Incidental Bequests and the Choice to Self-Insure Late-Life Risks
Despite facing significant uncertainty about their lifespans and health care costs, most retirees do not buy annuities or long-term care insurance. In this paper, I find that retirees' saving and insurance choices are highly inconsistent with standard life cycle models in which people care only about their own consumption but match well models in which bequests are luxury goods. Bequest motives tend to reduce the value of insurance by reducing the opportunity cost of precautionary saving. The results suggest that bequest motives significantly increase saving and significantly decrease purchases of long-term care insurance and annuities.
This paper previously circulated under the titles “Incidental Bequests: Bequest Motives and the Choice to Self-Insure Late-Life Risks” and “The Importance of Bequest Motives: Evidence from Long-term Care Insurance and the Pattern of Saving.” For helpful comments, I thank the co-editor, Luigi Pistaferri, three anonymous referees, and Gadi Barlevy, Marco Bassetto, Gary Becker, Jeffrey Brown, Norma Coe, Mariacristina De Nardi, Daniel Fetter, Amy Finkelstein, Eric French, Lars Hansen, Erik Hurst, John Jones, Ralph Koijen, Karen Kopecky, David Laibson, Robin Lumsdaine, Brian Melzer, Casey Mulligan, Kevin Murphy, Derek Neal, Matthew Notowidigdo, Emily Oster, Svetlana Pashchenko, James Poterba, Devesh Raval, Mark Shepard, Jonathan Skinner, Heidi Williams, Motohiro Yogo, and many seminar participants. I thank Max Rong for excellent research assistance. I am grateful to the National Institute on Aging for financial support (training grant 5T32-AG00243 and grant T32-AG000186). The views expressed herein are those of the author and do not necessarily reflect the views of the National Bureau of Economic Research.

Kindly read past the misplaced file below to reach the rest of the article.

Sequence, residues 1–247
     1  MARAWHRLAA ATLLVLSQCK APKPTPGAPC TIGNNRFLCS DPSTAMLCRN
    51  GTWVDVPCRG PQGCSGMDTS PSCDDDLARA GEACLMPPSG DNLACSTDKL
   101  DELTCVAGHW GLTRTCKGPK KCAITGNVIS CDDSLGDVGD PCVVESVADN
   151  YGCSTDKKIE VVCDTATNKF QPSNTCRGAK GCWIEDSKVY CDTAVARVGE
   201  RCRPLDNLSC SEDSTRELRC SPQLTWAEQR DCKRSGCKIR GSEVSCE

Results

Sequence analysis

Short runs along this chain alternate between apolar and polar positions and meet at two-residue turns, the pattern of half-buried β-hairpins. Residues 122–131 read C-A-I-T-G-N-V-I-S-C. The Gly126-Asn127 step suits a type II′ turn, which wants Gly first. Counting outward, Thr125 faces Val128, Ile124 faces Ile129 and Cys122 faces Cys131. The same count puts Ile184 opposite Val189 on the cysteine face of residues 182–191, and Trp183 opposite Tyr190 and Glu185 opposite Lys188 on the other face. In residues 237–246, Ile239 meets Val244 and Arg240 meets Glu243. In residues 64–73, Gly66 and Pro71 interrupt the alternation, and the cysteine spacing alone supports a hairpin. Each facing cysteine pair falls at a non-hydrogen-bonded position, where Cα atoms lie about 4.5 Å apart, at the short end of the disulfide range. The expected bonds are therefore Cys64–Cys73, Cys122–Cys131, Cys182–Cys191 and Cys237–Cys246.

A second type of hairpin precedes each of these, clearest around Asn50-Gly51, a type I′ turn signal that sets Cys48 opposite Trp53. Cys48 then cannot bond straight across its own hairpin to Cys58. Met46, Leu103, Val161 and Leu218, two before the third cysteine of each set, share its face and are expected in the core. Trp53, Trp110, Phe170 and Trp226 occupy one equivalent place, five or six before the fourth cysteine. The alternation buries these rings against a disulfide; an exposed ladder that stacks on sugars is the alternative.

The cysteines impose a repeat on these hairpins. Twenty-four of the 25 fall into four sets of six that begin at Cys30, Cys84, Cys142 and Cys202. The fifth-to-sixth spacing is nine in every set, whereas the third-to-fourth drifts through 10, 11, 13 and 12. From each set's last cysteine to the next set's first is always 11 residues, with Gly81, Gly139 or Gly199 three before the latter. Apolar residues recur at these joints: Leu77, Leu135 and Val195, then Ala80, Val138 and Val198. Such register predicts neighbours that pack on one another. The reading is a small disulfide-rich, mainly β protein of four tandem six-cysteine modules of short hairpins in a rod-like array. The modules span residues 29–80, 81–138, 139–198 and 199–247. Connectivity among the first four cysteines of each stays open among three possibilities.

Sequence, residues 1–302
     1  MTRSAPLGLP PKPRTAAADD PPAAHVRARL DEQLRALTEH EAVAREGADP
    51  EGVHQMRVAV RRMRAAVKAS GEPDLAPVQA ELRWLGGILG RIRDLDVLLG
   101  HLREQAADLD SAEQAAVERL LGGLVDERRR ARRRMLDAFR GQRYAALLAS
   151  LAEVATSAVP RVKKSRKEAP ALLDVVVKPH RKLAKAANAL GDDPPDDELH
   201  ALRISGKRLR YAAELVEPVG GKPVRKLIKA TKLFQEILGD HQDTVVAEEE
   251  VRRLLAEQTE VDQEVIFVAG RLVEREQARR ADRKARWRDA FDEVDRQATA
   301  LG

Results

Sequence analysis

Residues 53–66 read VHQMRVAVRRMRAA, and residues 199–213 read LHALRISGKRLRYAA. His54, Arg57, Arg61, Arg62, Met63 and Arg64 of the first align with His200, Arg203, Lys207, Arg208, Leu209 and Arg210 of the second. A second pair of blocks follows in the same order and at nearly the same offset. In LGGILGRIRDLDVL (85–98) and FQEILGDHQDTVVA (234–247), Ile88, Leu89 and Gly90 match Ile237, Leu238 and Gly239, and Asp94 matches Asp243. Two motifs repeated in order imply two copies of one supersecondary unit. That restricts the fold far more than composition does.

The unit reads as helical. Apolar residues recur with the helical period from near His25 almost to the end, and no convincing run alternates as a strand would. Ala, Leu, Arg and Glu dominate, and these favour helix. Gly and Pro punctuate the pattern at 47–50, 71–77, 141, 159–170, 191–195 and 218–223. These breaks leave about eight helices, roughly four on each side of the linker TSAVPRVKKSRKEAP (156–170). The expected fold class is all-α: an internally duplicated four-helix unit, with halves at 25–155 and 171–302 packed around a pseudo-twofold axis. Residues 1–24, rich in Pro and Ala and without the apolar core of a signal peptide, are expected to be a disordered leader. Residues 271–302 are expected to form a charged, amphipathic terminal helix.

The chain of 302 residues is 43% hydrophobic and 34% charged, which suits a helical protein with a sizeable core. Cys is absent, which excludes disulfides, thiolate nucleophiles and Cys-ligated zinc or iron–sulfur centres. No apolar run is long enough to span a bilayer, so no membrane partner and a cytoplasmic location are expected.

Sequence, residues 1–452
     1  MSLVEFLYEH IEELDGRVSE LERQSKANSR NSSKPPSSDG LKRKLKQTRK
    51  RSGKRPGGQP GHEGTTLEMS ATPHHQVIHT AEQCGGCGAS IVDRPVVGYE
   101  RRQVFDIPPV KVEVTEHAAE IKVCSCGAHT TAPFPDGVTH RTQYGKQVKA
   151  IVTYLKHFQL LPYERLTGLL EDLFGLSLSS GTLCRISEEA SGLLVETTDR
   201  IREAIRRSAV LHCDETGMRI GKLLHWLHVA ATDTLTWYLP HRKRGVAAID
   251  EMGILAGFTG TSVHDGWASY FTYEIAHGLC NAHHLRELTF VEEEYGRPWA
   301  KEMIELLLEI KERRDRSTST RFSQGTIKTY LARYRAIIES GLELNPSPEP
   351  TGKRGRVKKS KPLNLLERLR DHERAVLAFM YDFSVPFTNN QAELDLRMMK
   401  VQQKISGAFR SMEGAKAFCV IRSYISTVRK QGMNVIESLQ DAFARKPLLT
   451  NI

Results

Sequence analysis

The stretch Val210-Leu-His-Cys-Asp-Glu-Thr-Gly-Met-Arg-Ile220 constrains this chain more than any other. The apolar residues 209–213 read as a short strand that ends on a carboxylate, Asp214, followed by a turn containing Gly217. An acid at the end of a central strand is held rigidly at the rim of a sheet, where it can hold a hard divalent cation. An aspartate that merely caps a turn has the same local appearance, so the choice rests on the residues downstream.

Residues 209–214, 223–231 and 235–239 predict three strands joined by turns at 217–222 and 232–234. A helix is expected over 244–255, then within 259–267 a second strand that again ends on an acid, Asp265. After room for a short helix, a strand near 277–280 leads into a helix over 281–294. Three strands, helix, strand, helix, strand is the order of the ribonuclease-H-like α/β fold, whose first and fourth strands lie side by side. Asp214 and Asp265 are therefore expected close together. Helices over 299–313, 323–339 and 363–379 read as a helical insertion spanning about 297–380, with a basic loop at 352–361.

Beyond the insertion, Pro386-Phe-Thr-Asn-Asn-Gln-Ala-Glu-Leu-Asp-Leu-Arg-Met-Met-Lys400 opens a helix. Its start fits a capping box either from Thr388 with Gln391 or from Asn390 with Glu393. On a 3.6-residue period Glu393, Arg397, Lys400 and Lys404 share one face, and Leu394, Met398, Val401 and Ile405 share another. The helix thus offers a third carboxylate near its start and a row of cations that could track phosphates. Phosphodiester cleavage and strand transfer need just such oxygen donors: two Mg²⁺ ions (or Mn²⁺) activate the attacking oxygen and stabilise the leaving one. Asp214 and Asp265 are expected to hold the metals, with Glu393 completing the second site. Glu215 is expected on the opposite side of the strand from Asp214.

Lee M. Lockwood, 2018. "Incidental Bequests and the Choice to Self-Insure Late-Life Risks," American Economic Review, vol 108(9), pages 2513-2550. citation courtesy of